Getting rid of the JobSeeker boost will result in 145,000 full-time jobs lost, hurt some of Australia’s most vulnerable people and shrink Australia’s economy by $31.3 billion, new analysis has revealed.
The Federal Government’s decision to effectively double welfare support in late March has provided a “supercharged boost to the economy” and done a “striking amount of heavy lifting” in easing regional inequality, said a new report by Deloitte Access Economics commissioned by the Australian Council of Social Services (ACOSS).
“[The] Coronavirus Supplement [has] helped ensure that those worst off had a strong safety net through this crisis, and more than closing the large gap that had been wedged between wages and unemployment benefits over the last two decades,” the report said.
The current $550 Coronavirus Supplement is scheduled to taper down to $250 after 24 September, and then disappear entirely when the year ends.
But while withdrawing this support will save the government $23 billion across 2020-2022, the consequence to the economy will be greater.
“The average annual impact of that reduced expenditure across the broader economy is equal to a reduction in the size of the economy of $31.3 billion and an average loss of 145,000 full-time equivalent jobs over that two-year horizon.”
The reduction will be a “large and sustained negative shock”, particularly to the very Australians who are most willing to spend.
“One would therefore expect... for there to be a measurable contraction in the broader Australian economy.
“The economy is in a deep recession, and so reducing government spending would hurt more than if the economy were in good shape.
“There’s a much stronger than usual argument for boosting these payments when times are tough.”
ACOSS CEO Cassandra Goldie said the $550 boost had meant some Australians could afford basic essentials for the first time in a long time.
“But they now face a deeply uncertain future, with the prospect of these devastating cuts to their already tight budgets and 12 people receiving JobSeeker for every job vacancy, with this being 28 people for every vacancy in regional areas,” she said.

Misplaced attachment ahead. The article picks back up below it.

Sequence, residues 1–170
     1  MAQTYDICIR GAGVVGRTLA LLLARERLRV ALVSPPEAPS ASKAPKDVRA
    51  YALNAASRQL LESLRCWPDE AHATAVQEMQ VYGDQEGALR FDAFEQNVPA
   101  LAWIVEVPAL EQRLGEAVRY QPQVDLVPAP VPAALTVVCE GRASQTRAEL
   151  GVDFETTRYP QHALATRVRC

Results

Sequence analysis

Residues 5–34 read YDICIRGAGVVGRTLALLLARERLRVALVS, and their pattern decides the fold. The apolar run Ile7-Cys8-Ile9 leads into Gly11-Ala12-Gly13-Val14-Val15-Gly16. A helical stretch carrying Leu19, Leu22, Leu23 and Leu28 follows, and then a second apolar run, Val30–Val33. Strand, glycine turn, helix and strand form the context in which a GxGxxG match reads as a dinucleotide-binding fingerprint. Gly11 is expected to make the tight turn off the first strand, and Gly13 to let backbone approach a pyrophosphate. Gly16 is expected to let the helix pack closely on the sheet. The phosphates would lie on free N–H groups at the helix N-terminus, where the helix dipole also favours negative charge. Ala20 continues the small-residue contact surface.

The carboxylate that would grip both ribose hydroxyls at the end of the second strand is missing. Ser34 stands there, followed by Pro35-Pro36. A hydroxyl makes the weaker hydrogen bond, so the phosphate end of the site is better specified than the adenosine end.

“There are a lot of things that are not in our control in this pandemic but one thing that the Government does have control over is ensuring that everyone has enough to cover the basics of life, including a safe place to live.
“Not only is this the right thing to do, it’s one of the best things we can do to support jobs now and on the long, hard road to full recovery.”
She called on the Government to extend the existing Coronavirus Supplement rate of $550 and to permanently raise the JobSeeker base rate.
Slashing JobSeeker boost will hit where it hurts
Not only will the economy contract and jobs be lost if the $550 Coronavirus Supplement is entirely withdrawn at some point, but regions which are already facing greater disadvantage – particularly in regional Northern Territory and Western Australia – will suffer more.
“In Victoria, elevated case numbers and the extended lockdown restrictions are likely to result in higher unemployment figures than elsewhere. As such, the removal of the Coronavirus Supplement is likely to be more damaging,” the report said.
“Again, regional communities will be most impacted by its removal as investment shifts to other regions weighing heavily on Victorian construction and mining.”
Analysis from thinktank the Australia Institute from late July found the reduction of the supplement from $550 to $300 pushed 370,000 Australians into poverty, including 80,000 children.
“This will not only have serious negative social consequences for decades to come, but it also makes for terrible economic policy by effectively withdrawing much needed stimulus,” said the Australia Institute’s Noah Schultz-Byard at the time.
Keeping JobSeeker “stronger for longer” would be “vital in filling in the cracks”, the report warned.
“Premature removal of the Coronavirus Supplement, and a failure to permanently lift the base rate, would hit hard not only for those among our most disadvantaged, but also for Australian society as a whole.”
Deloitte is among one of many corporate voices who have called for a permanent boost to the JobSeeker rate.
Other supporters for increasing JobSeeker include Labor, the Greens, the Reserve Bank, social services groups, and business lobby groups.
In April, a Senate Inquiry into the JobSeeker rate said it received “compelling evidence” that the current income support payments were inadequate.
“Significantly, the committee found that the income support system is not meeting its objective of ensuring a minimum standard of living for working-age jobseekers, as too many live in poverty,” the review said.
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